So, yeah. Five people tied for first as of this month. They are: Jeb Bush, Ben Carson, Mike Huckabee, Marco Rubio and Scott Walker. And the kicker to that? Combined, they account for only 50 percent of the Republican vote. This is not a horse race. This is a kid's soccer game in which 19 people rush to the ball and the goalie just hangs out at the goal line. (In this case, the goalie is Pataki.) Or, better: It's a Field Day relay race among second graders.
Why? Because whoever announces his campaign seizes the leadership baton. It's the newly announced candidates who saw increased support in the polling over the past month. When we compared Quinnipiac's March survey to the one it released in April, we saw surges from Rubio, Ted Cruz and Rand Paul -- all of whom had announced their candidacies during that time. This time, the change from April to May saw an increase for Huckabee and Carson, both of whom announced in the intermediary period. Rubio, Cruz and Paul all are doing worse now than in April. Waves come, waves recede.
There was a third candidate who announced in that intermediary period: Carly Fiorina. Her staff has enthusiastically sent out media blurbs detailing the enthusiastic reception she has seen on the trail in Iowa. Probably! She's compelling. But she has not dented the national polls. In the graph above, she's at the proverbial goal line, the cluster of dots at lower left. (It's her team's own goal, not the other team's. It's a lousy metaphor.) Rick Santorum won Iowa in 2012 with 4 percent in the national polls! So, who knows.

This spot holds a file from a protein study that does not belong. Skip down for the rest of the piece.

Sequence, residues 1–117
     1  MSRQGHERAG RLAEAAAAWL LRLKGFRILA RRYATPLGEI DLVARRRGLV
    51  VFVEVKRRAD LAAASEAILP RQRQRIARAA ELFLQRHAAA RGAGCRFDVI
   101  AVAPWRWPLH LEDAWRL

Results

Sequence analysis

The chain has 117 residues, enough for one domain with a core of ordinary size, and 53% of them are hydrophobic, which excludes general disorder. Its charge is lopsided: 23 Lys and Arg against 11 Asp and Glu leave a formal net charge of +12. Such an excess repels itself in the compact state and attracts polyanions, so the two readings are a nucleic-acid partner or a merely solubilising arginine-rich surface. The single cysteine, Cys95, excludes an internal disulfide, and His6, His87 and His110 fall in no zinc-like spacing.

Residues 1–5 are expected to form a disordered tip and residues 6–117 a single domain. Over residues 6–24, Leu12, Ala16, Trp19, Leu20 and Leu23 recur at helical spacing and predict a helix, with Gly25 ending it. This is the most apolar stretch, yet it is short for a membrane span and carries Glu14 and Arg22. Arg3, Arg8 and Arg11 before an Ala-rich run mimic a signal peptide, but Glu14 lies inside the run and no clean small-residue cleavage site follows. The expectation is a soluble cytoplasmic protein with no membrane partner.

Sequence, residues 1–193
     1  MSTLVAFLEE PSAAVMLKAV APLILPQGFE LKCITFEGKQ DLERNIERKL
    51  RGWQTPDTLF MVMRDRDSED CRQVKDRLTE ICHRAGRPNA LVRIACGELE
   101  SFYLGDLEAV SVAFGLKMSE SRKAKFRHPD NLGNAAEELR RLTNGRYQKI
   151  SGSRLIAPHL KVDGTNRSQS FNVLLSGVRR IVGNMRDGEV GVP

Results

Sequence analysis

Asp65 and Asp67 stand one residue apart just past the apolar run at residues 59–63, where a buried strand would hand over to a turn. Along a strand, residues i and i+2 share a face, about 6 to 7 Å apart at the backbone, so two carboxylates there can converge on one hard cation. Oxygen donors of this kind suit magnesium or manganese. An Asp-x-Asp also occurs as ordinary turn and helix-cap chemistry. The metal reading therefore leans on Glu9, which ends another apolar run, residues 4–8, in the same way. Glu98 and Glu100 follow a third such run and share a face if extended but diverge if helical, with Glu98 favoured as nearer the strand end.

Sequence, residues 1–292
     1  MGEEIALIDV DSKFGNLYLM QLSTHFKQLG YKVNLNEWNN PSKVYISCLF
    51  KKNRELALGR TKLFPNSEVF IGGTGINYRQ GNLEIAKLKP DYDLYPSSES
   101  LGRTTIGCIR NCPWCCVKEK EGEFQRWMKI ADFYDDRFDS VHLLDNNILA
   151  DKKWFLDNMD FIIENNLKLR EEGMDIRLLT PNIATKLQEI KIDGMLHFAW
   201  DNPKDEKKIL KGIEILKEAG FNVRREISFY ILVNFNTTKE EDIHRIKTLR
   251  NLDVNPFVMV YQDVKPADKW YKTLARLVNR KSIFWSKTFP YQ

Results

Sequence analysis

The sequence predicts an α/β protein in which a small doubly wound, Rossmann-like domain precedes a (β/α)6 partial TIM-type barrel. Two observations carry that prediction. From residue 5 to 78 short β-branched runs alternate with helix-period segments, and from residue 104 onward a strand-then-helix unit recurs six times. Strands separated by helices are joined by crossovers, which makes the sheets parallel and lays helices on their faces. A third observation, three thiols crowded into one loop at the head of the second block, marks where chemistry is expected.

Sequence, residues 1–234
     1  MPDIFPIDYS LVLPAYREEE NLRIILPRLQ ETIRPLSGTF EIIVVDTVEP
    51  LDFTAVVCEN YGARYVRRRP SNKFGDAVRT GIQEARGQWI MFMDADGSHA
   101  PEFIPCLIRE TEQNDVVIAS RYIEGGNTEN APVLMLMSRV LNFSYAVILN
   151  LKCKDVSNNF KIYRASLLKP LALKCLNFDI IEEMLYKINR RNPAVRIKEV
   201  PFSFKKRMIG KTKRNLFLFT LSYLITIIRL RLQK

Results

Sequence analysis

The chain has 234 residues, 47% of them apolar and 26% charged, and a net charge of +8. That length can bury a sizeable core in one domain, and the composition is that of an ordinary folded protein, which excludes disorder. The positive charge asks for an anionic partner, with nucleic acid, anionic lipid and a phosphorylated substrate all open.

More alarmingly for Fiorina, though, is that she's not seeing much traction from what she clearly thinks should be a base of support: women. Women surged toward a new candidate since April, but it was Huckabee.
Huckabee, meanwhile, is starting to solidify his base of evangelical voters, too. Lots of people wanted a bite at this apple, but Huck is seeing good support. Rick Perry, who also wanted to get a boost from evangelical voters, went from 5 percent to 1 percent. Cruz didn't move at all.
Cruz is doing better with Tea Party voters. He improved over the month, despite the arrival of the new candidates.
(At this point we might as well throw cold water on the whole thing and note that the 2.4 point margin of error means that these dots may be located a decent distance away on their horizontal or vertical axes, but what fun is that? It can be more fun to watch the kids run the race and trip over one another than to measure their split times to the tenth of a second.)
Then there are moderate voters, who have long been rumored to be on Team Bush. In April, 20 percent of them backed Bush. Now, 10 percent do. They abandoned Chris Christie, too, moving to Walker and Huckabee and Paul and . . . wait for it . . . Donald Trump. Quinnipiac didn't include Trump in its April poll, but he's there now.
The standard caveat applies to all of this: This is one photograph from one camera of one angle of the beginning of a race. This will keep changing. Just sit back and observe the goings-on. Have a drink. The finish line is a long way off, but this sure is fun to watch.